After that, I had to get out of The Barn. I think I was about as exhausted as the bird.
I had an errand to run on the ocean side of San Francisco, so I thought I’d take a walk on the beach in the storm. That’s my favorite moment on the beach.
It was low tide.
What a relief to be there. Thought of this poem, but harder.
By Richard Wilbur
In her room at the prow of the house
Where the light breaks, and the windows are tossed with linden,
My daughter is writing a story.
I pause at the stairwell, hearing
From her shut door a commotion of typewriter-keys
Like a chain hauled over a gunwale.
Young as she is, the stuff
Of her life is a great cargo, and some of it heavy;
I wish her a lucky passage.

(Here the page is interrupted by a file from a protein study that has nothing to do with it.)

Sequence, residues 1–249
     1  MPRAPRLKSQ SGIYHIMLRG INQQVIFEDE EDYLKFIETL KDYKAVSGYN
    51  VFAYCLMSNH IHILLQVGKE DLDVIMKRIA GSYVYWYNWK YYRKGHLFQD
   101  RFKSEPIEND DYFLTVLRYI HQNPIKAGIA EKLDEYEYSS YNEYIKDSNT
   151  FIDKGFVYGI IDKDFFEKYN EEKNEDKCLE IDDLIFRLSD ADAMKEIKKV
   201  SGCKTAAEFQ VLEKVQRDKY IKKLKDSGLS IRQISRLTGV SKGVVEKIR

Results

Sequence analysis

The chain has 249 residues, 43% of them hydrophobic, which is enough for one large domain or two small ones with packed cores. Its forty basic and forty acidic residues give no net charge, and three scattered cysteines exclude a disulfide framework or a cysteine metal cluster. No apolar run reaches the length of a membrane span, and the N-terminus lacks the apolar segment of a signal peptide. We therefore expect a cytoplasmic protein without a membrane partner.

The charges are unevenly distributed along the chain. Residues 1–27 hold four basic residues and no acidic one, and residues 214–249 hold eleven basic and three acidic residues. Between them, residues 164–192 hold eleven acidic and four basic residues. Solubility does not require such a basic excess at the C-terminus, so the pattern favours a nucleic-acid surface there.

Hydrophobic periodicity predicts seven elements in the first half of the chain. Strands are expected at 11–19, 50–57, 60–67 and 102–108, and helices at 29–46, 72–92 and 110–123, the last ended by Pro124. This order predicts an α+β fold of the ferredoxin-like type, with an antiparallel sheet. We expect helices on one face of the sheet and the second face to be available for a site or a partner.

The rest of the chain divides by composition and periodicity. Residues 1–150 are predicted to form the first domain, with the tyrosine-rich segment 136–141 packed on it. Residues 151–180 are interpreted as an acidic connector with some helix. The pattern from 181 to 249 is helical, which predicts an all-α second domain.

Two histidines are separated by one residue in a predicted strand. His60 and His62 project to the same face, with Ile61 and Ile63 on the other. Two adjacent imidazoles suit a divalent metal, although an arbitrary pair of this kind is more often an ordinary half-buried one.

But now it is she who pauses,
As if to reject my thought and its easy figure.
A stillness greatens, in which
The whole house seems to be thinking.
And then she is at it again with a bunched clamor
Of strokes, and again is silent.
I remember the dazed starling
Which was trapped in that very room, two years ago;
How we stole in, lifted a sash
And retreated, not to affright it;
And how for a helpless hour, through the crack of the door,
We watched the sleek, wild, dark
And iridescent creature
Batter against the brilliance, drop like a glove
To the hard floor, or the desk-top,
And wait then, humped and bloody,
For the wits to try it again; and how our spirits
Rose when, suddenly sure,
It lifted off from a chair-back,
Beating a smooth course for the right window
And clearing the sill of the world.
It is always a matter, my darling,
Of life or death, as I had forgotten. I wish
What I wished for you before, but harder.